QUESTION: The second half of the question is that we got two ships, shiploads of wheat.

BRIGADIER HANNAN: Oh the wheat, yeah.

Where are they now at the moment?

BRIGADIER HANNAN: I'll just deal with the wheat first. At this stage one of the ships has been unloaded in Kuwait and that, that wheat will be milled, processed and shipped into Iraq as part of an AusAID organised program, and as part of the oil for food program run by the UN.

The other ship will be unloading in due course at another port, and it will be processed as part of the same UN arrangements.

In terms of the medical supplies, there are actually three C-130 aircraft altogether. The first C-130 aircraft landed yesterday in Baghdad and it took medical supplies that were taken from HMAS Kanimbla - surplus stocks from HMAS Kanimbla - plus other stores that were donated by the Americans and the Kuwaitis - a total of 15,000 pounds of medical equipment and stores - and took that straight into Baghdad.

Two additional C-130s left RAAF Base Richmond yesterday, and they are flying to Iraq now - as we speak. They should be there tomorrow, and they are taking a further two cargoes of medical supplies from Australia.

The decision to take medical supplies was one made by the commanders on the ground, considering that this was the most critical and appropriate need that we can address quickly.

QUESTION: Mark Forbes again, Brigadier. You talked about that green, green monochromatic images being the enduring reminder of Australian involvement in Iraq. What other, what other sorts of reminders do you think there are going to be? What are going to - in the ADF's view - be seen as being the significant achievements out of this operation at this early stage?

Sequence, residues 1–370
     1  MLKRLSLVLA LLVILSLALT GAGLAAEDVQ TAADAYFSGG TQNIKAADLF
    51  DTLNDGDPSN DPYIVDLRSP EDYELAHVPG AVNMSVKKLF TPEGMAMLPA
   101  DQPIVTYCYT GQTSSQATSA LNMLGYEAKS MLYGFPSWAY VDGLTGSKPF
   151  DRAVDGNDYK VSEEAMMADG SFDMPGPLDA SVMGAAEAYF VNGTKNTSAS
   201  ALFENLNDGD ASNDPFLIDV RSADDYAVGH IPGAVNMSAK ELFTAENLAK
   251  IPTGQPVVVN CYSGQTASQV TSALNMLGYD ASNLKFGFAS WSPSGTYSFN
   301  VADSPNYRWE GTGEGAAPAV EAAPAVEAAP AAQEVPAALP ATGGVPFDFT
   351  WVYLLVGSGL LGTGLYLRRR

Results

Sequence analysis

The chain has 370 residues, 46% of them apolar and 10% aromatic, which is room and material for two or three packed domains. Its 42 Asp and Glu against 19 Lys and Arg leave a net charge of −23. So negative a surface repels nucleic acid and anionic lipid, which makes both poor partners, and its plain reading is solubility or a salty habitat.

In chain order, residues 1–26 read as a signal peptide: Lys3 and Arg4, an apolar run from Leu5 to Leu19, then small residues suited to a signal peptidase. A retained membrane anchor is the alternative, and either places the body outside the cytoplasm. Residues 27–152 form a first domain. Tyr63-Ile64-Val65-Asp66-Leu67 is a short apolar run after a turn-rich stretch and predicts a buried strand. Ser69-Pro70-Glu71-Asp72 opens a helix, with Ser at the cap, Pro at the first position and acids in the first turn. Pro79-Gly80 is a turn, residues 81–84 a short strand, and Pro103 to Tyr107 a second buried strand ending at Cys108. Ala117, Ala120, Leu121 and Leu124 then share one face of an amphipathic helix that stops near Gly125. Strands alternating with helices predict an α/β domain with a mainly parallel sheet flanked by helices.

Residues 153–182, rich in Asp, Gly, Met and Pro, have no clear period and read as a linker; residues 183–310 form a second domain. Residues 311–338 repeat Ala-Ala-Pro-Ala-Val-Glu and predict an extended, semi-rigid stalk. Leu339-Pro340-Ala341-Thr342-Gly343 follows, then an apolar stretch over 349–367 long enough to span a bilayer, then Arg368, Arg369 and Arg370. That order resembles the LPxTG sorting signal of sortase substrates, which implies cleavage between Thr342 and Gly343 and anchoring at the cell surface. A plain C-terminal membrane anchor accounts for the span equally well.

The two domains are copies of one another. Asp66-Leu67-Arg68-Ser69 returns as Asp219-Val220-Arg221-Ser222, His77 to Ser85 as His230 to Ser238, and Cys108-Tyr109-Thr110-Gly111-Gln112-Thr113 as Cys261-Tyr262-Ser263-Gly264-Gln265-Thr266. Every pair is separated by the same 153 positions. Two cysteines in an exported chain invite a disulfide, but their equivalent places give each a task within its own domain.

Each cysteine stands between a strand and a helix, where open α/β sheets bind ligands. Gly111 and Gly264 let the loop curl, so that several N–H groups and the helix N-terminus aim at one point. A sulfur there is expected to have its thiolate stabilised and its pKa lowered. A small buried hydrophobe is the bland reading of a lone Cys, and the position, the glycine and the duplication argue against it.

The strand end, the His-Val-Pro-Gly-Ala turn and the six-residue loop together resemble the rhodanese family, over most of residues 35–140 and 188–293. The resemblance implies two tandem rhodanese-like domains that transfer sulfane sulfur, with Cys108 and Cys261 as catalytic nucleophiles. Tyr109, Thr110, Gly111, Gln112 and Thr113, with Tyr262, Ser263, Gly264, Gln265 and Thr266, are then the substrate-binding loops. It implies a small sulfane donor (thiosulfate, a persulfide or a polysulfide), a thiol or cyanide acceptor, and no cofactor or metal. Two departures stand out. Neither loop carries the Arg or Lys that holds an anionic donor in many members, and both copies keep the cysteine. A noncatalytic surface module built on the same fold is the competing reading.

BRIGADIER HANNAN: I think the one thing that stands out Mark is the, is the vindication in our mind of the quality of our training and the quality of our people.

The ADF force elements have linked in with, and been able to mesh into coalition operations, operating at the leading edge of technology and at the leading edge of capability, very easily. They've been a potent and capable force in each case, and that's a direct reflection of excellent people with some of the best training available.

DEFENCE OFFICIAL: Ladies and gentlemen, we'll take one more question.

QUESTION: Brigadier, John Kerrin, The Australian. There was a report this morning that the SAS may have stopped a carload of contract killers or suicide bombers or whatever. I was just wondering if you could comment on that at all - whether there was any sort of, any basis to it.

BRIGADIER HANNAN: Yeah John I thought it was colourful reporting. The SAS, as you know, are stopping vehicles on the road. As to the precise details of any particular stop or find, we'll come out with some more details later. But as far as that report's concerned, let's just say that I thought it was colourful.

DEFENCE OFFICIAL: Thanks very much ladies and gentlemen.